The Parable of the Mustard Seed, ©Mark Hewitt 1999
1 Samuel 15:34 – 16:13 (NRSV)
Then Samuel went to Ramah; and Saul went up to his house in Gibeah of Saul. Samuel did not see Saul again until the day of his death, but Samuel grieved over Saul. And the Lord was sorry that he had made Saul king over Israel.
Samuel Anoints David
The Lord said to Samuel, ‘How long will you grieve over Saul? I have rejected him from being king over Israel. Fill your horn with oil and set out; I will send you to Jesse the Bethlehemite, for I have provided for myself a king among his sons.’ Samuel said, ‘How can I go? If Saul hears of it, he will kill me.’ And the Lord said, ‘Take a heifer with you, and say, “I have come to sacrifice to the Lord.” Invite Jesse to the sacrifice, and I will show you what you shall do; and you shall anoint for me the one whom I name to you.’ Samuel did what the Lord commanded, and came to Bethlehem. The elders of the city came to meet him trembling, and said, ‘Do you come peaceably?’ He said, ‘Peaceably; I have come to sacrifice to the Lord; sanctify yourselves and come with me to the sacrifice.’ And he sanctified Jesse and his sons and invited them to the sacrifice.
When they came, he looked on Eliab and thought, ‘Surely the Lord’s anointed is now before the Lord.’ But the Lord said to Samuel, ‘Do not look on his appearance or on the height of his stature, because I have rejected him; for the Lord does not see as mortals see; they look on the outward appearance, but the Lord looks on the heart.’ Then Jesse called Abinadab, and made him pass before Samuel. He said, ‘Neither has the Lord chosen this one.’ Then Jesse made Shammah pass by. And he said, ‘Neither has the Lord chosen this one.’ Jesse made seven of his sons pass before Samuel, and Samuel said to Jesse, ‘The Lord has not chosen any of these.’ Samuel said to Jesse, ‘Are all your sons here?’ And he said, ‘There remains yet the youngest, but he is keeping the sheep.’ And Samuel said to Jesse, ‘Send and bring him; for we will not sit down until he comes here.’ He sent and brought him in. Now he was ruddy, and had beautiful eyes, and was handsome. The Lord said, ‘Rise and anoint him; for this is the one.’ Then Samuel took the horn of oil, and anointed him in the presence of his brothers; and the spirit of the Lord came mightily upon David from that day forward. Samuel then set out and went to Ramah.
In the parable of the Mustard seed, we are offered hope. We see greatness coming out of small beginnings. The mustard seed is so small, yet, the mature shrub can reach 3 metres.
God’s realm can be experienced in the most unspectacular, commonplace or “shrub like” events. This is God’s world located in the ordinary. It may start small but will end up disproportionally large.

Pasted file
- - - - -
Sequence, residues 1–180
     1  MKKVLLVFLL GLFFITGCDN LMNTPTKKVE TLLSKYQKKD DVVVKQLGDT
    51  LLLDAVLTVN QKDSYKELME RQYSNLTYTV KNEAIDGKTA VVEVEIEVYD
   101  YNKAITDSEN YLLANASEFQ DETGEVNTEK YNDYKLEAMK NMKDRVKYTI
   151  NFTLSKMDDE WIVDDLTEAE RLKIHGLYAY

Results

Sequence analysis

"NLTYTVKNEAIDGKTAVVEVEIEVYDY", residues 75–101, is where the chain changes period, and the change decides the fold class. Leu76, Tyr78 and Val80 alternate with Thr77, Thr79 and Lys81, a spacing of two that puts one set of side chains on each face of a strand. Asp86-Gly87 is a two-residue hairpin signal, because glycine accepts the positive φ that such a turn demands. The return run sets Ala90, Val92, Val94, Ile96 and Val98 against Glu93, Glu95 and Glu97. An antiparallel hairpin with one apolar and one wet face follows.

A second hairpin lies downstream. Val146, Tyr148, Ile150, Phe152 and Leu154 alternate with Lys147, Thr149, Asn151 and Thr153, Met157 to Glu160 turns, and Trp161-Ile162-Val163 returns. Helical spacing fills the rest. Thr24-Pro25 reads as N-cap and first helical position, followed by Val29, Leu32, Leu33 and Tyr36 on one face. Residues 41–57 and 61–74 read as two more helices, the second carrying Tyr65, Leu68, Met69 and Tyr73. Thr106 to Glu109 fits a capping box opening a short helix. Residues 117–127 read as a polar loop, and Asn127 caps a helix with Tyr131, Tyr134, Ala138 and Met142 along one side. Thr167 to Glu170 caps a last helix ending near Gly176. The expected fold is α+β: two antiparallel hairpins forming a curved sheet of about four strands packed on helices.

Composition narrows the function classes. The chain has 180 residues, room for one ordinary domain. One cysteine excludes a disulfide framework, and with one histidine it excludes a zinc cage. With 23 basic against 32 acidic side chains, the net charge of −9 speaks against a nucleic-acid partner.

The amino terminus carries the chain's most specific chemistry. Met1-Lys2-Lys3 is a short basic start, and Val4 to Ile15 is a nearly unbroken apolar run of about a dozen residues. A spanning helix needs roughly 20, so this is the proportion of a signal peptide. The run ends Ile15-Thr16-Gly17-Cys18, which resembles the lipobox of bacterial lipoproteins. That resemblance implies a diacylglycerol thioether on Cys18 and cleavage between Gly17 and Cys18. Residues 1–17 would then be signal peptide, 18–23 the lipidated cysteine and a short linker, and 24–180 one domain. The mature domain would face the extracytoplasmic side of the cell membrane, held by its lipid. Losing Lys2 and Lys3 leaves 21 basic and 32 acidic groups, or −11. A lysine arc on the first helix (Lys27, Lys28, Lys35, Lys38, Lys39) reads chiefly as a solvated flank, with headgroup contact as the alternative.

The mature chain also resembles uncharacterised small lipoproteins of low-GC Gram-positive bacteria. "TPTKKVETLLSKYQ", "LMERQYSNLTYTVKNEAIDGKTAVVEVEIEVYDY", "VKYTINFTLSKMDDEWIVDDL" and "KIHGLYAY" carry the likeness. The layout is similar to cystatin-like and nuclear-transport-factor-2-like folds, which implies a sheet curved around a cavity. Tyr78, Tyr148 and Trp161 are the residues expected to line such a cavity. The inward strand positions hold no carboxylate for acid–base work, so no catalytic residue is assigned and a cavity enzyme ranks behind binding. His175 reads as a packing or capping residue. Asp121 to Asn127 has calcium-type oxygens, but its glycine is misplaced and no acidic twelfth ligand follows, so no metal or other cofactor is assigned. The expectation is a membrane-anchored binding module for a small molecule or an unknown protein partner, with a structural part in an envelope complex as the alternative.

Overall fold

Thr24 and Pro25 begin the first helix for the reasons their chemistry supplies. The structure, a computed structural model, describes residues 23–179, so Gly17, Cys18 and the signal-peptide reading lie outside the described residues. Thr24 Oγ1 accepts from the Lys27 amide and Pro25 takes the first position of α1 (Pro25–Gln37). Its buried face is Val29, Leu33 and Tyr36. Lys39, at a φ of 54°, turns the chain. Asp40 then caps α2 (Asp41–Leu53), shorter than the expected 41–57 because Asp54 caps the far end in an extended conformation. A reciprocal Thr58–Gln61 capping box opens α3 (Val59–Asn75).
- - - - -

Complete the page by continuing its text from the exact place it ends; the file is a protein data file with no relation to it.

The Mustard Scrub though requires time, patience along with good soil, preparation & feeding to grow from a small seed to that large shrub.
Connecting back to our first reading, David was a very young boy. Anointed, yes. But it was a long time yet before he himself becomes king. There a a few other chapters yet to be lived through. David had to grow into being King as the mustard seed must wait its time to grow into a bush. Callings on one’s life or a community can take time to come into being. Each of us is chosen by God to do particular things, the nature of which will change over time. There are always opportunities to do new things, be called to new tasks.
Rev Mark Hewitt, 17 June 2018
at The Corner Uniting Church, Warradale, South Australia.
Mark 4: 26-34 (NRSV)
The Parable of the Growing Seed
He also said, ‘The kingdom of God is as if someone would scatter seed on the ground, and would sleep and rise night and day, and the seed would sprout and grow, he does not know how. The earth produces of itself, first the stalk, then the head, then the full grain in the head. But when the grain is ripe, at once he goes in with his sickle, because the harvest has come.’
The Parable of the Mustard Seed
He also said, ‘With what can we compare the kingdom of God, or what parable will we use for it? It is like a mustard seed, which, when sown upon the ground, is the smallest of all the seeds on earth; yet when it is sown it grows up and becomes the greatest of all shrubs, and puts forth large branches, so that the birds of the air can make nests in its shade.’
The Use of Parables
With many such parables he spoke the word to them, as they were able to hear it; he did not speak to them except in parables, but he explained everything in private to his disciples.
Dear God, we confess that
instead of putting our trust in you,
we often want to know the outcome
before we say yes to the invitation.
Grant us the courage to answer your call,
and help us to remember
you have chosen us for something special.
-©Seasons of the Spirit